“802.11bg” (supporting both ‘b’ and ‘g’ standards) equipment is common, because since the frequency is the same one physical radio can support both.802.11a devices require a different physical radio. This is because the 5GHz band is wider, allowing for more wireless networks in a small area without interference (this is important, because interference between Wi Fi networks is increasingly becoming a problem in dense areas), and because Wi Fi shares the 5GHz band with fewer other devices (many non-Wi Fi devices operate at 2.4GHz as well, and will interfere with Wi Fi networks.Baby monitors and older cordless phones are a common example).
Wireless routers are ubiquitous today, but there’s a lot of people (even those very competent with computers) that aren’t quite sure how their router should be set up.In this tall post, I’ll show you through the common options and settings on a home router and explain what each does and how you might want to set them, along with some tips for a fast and secure network.When you buy a router, you’ll be presented with different options for Wi Fi version and different supposed benefits for each.When you set up your router, you’ll probably also need to choose a “mixed” or “g-only” option, or choose from a whole different set of standards the router supports.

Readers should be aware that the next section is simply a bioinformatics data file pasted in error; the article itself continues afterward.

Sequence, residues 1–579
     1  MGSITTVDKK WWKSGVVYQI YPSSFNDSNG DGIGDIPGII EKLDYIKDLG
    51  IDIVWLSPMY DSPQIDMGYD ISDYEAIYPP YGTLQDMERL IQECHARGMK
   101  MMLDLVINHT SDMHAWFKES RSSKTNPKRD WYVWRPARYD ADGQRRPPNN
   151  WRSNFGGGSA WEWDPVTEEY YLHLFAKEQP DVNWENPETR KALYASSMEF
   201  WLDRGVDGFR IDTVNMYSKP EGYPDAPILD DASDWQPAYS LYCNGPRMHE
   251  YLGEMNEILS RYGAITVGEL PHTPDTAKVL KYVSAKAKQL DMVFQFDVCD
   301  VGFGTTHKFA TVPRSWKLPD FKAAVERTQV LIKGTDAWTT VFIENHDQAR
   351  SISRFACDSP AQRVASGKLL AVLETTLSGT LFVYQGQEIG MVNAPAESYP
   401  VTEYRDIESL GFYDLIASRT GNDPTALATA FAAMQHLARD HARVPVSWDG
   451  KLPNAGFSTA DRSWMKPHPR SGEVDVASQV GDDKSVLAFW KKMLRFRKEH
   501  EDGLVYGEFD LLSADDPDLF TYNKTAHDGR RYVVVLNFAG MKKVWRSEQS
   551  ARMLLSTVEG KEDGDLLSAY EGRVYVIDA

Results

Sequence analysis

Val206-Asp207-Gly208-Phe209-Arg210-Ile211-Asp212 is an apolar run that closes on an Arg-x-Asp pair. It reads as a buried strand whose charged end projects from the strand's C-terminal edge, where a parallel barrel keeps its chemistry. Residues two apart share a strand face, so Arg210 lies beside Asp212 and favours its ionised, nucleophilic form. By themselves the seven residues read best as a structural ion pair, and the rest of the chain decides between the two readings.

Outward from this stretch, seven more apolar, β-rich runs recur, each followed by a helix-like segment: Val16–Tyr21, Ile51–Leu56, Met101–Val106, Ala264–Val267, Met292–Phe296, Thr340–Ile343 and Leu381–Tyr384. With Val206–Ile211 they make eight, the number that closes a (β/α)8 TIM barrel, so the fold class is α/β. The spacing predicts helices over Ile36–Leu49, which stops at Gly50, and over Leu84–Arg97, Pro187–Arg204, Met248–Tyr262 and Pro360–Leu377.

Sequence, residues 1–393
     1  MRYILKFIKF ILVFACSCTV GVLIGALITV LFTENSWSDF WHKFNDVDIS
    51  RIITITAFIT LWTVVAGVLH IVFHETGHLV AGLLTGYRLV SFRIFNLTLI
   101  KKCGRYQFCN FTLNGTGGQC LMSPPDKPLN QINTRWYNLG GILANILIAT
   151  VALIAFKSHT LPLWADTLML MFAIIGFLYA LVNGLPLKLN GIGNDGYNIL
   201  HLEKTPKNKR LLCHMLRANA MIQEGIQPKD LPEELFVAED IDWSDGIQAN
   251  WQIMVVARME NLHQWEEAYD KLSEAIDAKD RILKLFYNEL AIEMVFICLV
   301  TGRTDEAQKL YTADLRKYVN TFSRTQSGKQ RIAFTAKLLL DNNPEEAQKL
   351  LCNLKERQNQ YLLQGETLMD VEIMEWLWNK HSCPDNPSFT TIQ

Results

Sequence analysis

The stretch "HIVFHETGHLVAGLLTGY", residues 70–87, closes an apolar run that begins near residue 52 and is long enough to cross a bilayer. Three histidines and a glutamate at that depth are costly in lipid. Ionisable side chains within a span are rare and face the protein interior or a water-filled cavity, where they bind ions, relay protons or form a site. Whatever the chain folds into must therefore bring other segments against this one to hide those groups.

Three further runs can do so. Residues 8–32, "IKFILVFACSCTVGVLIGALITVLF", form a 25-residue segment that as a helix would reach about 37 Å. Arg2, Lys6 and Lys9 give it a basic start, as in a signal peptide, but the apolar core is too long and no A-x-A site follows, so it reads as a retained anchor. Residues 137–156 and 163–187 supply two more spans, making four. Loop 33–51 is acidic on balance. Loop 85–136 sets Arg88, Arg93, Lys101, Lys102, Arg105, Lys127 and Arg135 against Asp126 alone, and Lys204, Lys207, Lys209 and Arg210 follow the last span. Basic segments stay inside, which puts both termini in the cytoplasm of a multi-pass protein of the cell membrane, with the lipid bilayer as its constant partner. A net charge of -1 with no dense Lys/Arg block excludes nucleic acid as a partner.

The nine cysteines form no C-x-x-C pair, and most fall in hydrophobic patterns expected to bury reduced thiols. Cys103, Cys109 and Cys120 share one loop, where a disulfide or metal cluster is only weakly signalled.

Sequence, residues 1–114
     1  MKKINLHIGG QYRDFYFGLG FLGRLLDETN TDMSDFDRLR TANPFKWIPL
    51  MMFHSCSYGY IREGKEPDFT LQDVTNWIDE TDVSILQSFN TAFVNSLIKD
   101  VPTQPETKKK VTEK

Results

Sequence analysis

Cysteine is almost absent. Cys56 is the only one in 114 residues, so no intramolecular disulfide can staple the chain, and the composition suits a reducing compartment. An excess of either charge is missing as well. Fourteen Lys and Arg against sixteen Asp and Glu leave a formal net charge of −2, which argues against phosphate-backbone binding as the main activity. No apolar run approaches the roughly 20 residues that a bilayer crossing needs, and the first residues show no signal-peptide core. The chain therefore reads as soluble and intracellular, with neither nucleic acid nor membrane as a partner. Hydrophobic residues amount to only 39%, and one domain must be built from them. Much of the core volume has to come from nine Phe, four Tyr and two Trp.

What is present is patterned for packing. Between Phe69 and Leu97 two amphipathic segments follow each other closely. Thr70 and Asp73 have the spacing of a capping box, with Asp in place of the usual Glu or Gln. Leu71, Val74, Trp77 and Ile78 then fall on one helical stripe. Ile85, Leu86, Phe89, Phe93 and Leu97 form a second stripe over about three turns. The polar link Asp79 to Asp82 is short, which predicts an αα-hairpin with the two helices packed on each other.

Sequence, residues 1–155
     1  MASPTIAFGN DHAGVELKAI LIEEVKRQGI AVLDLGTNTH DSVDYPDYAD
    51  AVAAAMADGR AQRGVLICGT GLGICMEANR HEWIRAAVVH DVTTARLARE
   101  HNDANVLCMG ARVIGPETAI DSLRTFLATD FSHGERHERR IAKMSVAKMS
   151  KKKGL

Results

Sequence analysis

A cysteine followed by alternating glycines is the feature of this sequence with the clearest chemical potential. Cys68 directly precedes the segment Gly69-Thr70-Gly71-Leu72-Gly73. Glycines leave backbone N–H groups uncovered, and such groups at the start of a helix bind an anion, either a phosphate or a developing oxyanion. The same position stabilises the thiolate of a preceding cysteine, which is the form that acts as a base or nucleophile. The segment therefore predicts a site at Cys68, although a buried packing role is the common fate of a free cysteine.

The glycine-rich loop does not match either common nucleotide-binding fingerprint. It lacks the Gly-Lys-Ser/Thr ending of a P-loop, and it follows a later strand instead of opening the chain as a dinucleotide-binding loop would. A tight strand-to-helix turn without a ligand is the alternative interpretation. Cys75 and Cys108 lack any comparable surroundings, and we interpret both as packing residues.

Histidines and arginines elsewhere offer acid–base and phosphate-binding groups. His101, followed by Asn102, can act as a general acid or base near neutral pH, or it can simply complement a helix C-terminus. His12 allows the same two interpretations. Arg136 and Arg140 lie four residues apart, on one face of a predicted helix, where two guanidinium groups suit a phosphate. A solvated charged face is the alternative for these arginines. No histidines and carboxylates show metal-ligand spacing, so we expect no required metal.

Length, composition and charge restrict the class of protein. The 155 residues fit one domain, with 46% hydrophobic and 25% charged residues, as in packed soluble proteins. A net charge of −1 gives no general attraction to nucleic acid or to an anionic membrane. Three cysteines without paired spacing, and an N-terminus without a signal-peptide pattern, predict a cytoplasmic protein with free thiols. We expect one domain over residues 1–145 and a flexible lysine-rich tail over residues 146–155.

Almost everyone these days has a small box with antennae somewhere in their house.
It may look innocent, but while it’s killing your babies it’s also applying multiple filters and rulesets to the thousands of packets coming in and out of your network every day.